If you did not know, March is Nutrition Month! Created by the Academy of Nutrition and Dietetics, Nutrition Month is an education campaign that focuses on the importance of making informed food choices and developing sound eating and physical activity habits. This wellness blog will give your department some ways to celebrate Nutrition Month.
Good nutrition is essential to health. According to the Center for Science in the Public Interest, “Unhealthy diet contributes to approximately 678,000 deaths each year in the U.S.” Additionally, “In the last 30 years, obesity rates have doubled in adults, tripled in children, and quadrupled in adolescents.”
The theme of this year’s Nutrition Month is "Go Further with Food". According to Nutrition Month toolkit, "Whether it's starting the day off right with a healthy breakfast or fueling before an athletic event, the foods you choose can make a real difference. Preparing your foods to go further, by planning meals and snacks in advance can also help to reduce food loss and waste."
Recreation and park departments can play a pivotal role in encouraging our communities to "Go Further with Food". Through your programs, you likely reach a large number of participants.
One easy way to encourage your community to go further with food is by educating athletes, coaches, and parents involved in your athletic programs. Teach participants about appropriate pre-game/post-game foods, and maybe even provide a few options for them like fruit.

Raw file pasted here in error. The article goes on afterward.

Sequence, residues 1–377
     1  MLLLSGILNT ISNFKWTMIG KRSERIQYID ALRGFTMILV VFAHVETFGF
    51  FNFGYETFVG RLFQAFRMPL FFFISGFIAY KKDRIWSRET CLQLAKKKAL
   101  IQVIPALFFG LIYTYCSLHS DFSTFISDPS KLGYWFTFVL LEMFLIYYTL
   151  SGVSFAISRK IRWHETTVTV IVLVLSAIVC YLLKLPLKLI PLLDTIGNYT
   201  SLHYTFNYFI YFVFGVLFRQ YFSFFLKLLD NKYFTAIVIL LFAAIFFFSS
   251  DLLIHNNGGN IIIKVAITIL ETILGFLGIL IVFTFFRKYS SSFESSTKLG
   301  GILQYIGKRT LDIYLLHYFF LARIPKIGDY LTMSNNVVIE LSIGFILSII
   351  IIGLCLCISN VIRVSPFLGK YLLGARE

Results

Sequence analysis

The Academy of Nutrition and Dietetics has compiled a tip sheet which includes some best practices for game-day nutrition.
To help your department celebrate Nutrition Month, please utilize the National Nutrition Month Toolkit!
From the nutrition toolkit, here are a few tips that everyone can do for this month:
Include a variety of healthful foods from all of the food groups on a regular basis.
Consider the foods you have on hand before buying more at the store.
Buy only the amount that can be eaten or frozen within a few days and plan ways to use leftovers later in the week.
Be mindful of portion sizes. Eat and drink the amount that’s right for you, as MyPlate encourages us to do.
Continue to use good food safety practices.
Find activities that you enjoy and be physically active most days of the week.
Realize the benefits of healthy eating by consulting with a registered dietitian nutritionist. RDNs can provide sound, easy-to-follow personalized nutrition advice to meet your lifestyle, preferences and health-related needs.
Additionally, the NCRPA Wellness Toolkit gives some cool resources on healthy cooking and nutrition programs. Please consider using these tactics in planning your department nutrition programs in the future.
I hope that this wellness blog has given you ideas on how to celebrate nutrition month in your department. If your department has a great nutrition program, I’d love to know about it. Email me at firstname.lastname@example.org with any details!
Until next time,